On Tuesday, Oct. 25, Future Tense will host an event in Washington, D.C., on how technology is changing the nature of ownership. For more information and to RSVP, visit the New America website.
It’s always in the fine print. When Tesla announced its upcoming models, the company said all of the cars could be used as driverless vehicles—but not, in some circumstances, for Uber-style activities outside of a service Tesla itself plans to announce.
“[U]sing a self-driving Tesla for car sharing and ride hailing for friends and family is fine, but doing so for revenue purposes will only be permissible on the Tesla Network, details of which will be released next year,” the company said on a webpage listing features and terms.
Tesla’s warning to future customers was only the latest demonstration of our emerging “you don’t own it, you’re just using it” world. It’s bad enough when we’re restricted in using media, games, and so many other things. It’s more than that when we start applying the notion to fundamental parts of our lives, such as our ability to get where we need to go.
This is why the seemingly unstoppable move toward autonomous vehicles—cars guided and controlled by a networked combination of internal and external sensors and computers—has implications far beyond proponents’ hoo-rah boosterism. Unquestionably, vehicles not controlled directly by humans would be a huge benefit in some ways.
But the word directly is important. Autonomous cars will still be controlled by humans, in a way. They’ll be controlled via algorithms—computer programs written by human computer programmers who design the systems for specific goals and outcomes.
The goals would mostly be laudable: more efficiency in using the roads, leading to lower construction costs; fewer accidents that cause death, injury, and damage to property; better options for people, such as the elderly, who shouldn’t be driving; among other things.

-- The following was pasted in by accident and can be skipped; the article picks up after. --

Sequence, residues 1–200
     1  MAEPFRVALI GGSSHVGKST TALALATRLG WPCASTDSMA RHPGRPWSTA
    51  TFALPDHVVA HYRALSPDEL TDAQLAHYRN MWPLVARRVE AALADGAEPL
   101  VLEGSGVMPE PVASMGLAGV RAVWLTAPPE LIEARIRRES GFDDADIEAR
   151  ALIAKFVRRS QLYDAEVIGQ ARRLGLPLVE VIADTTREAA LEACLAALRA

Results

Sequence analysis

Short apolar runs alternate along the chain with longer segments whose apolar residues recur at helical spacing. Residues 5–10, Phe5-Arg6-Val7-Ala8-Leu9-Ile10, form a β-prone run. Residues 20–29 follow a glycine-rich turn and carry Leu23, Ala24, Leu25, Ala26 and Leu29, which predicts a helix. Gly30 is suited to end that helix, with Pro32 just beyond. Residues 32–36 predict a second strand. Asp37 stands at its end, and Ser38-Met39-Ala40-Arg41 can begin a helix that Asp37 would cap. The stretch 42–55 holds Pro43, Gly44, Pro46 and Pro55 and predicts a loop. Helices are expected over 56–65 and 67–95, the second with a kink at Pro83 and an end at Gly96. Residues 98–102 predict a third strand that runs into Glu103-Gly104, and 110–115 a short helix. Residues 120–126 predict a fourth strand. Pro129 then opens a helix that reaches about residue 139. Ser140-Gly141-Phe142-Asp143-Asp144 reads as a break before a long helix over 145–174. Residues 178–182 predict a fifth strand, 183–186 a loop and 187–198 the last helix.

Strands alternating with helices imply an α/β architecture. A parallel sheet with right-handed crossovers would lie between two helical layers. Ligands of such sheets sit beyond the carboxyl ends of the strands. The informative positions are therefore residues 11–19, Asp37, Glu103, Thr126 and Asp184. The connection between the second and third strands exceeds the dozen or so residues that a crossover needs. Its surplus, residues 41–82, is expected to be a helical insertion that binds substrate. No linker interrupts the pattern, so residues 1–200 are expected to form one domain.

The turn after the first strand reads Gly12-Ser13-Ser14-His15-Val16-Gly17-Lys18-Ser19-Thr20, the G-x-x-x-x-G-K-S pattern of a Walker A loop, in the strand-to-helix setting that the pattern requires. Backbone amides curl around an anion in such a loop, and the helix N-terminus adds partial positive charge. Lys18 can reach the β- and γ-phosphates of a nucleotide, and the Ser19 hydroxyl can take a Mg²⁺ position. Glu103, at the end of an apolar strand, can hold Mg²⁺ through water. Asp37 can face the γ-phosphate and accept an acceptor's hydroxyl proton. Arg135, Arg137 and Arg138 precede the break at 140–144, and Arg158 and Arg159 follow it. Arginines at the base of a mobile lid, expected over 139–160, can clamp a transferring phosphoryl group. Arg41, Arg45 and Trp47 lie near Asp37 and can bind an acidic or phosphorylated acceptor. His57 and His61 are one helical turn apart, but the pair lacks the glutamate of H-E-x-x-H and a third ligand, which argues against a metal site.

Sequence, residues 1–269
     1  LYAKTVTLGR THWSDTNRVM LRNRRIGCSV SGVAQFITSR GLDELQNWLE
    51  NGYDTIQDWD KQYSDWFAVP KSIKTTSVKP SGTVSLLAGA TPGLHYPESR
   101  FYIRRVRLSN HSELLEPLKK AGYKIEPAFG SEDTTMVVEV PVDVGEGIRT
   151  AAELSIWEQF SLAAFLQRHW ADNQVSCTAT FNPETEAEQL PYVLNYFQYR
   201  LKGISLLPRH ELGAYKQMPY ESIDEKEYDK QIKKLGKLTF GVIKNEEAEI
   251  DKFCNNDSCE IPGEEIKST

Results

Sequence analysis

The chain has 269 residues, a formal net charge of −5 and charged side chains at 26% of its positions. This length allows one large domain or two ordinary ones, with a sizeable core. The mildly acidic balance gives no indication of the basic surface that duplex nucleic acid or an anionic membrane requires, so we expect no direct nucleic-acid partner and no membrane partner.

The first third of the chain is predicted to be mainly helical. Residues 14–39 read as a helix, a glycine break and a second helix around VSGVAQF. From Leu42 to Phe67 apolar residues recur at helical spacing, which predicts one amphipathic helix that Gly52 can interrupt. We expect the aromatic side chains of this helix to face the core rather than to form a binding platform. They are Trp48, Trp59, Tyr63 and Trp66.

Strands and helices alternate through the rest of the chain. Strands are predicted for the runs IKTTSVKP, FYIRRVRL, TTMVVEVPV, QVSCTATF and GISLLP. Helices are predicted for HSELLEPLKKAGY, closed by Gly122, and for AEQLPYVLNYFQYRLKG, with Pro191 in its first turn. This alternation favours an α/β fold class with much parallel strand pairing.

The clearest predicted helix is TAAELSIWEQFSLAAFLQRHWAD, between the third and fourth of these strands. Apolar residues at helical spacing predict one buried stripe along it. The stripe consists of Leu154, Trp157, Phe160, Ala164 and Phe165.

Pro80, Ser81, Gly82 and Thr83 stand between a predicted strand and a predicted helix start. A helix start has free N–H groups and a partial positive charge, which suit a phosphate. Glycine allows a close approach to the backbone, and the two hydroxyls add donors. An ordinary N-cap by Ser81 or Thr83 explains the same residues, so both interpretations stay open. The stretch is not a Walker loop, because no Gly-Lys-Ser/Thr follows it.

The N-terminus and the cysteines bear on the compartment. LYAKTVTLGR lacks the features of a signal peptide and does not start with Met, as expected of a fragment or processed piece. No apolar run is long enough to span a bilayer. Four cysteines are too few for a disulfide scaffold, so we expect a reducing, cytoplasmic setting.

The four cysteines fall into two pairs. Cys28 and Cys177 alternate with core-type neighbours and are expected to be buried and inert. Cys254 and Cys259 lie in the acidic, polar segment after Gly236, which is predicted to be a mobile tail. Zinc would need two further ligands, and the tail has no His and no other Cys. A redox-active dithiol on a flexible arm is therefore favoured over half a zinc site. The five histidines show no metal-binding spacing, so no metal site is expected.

But if Tesla can prevent you from operating your car in a way it finds objectionable from a business standpoint, it—or Ford, GM, Toyota, or any other manufacturer—could make similar choices, choices that go well beyond ride-sharing. Cars controlled by centralized companies—and governments that will regulate them—will be a nightmare for privacy and liberty, especially the latter.
When a small group of large companies sells most of our cars, you can bet they’ll all insist on as much control as possible and as little for you as they can get away with. Even now, cars can be disabled remotely when a borrower falls behind on a car loan; imagine a day when the lender (often the car company) simply brings the vehicle back to the lot and invites the passenger to get out. Worse: We already have an opaque and unfair “no fly” list. Our “no drive” list is, essentially, people who don’t have licenses—an easily extensible notion with autonomous cars. But what happens when there’s a “no travel” list that prevents certain people from even riding in a car? It’s coming.
I admire Elon Musk’s vision and drive (pun intended). With Tesla and, more so, SpaceX, he and his colleagues are pushing us into a future that will take advantage of technology in often-disruptive but also valuable ways.
But Tesla’s upcoming restrictions are a part of the future that we need to prevent. It may be good business for Elon Musk and his shareholders to tell us what we may or may not do with the company’s very expensive cars. In fact, when it comes to how you will use a vehicle you purchase, it should be your business, as long as you’re not breaking the law, and no one else’s.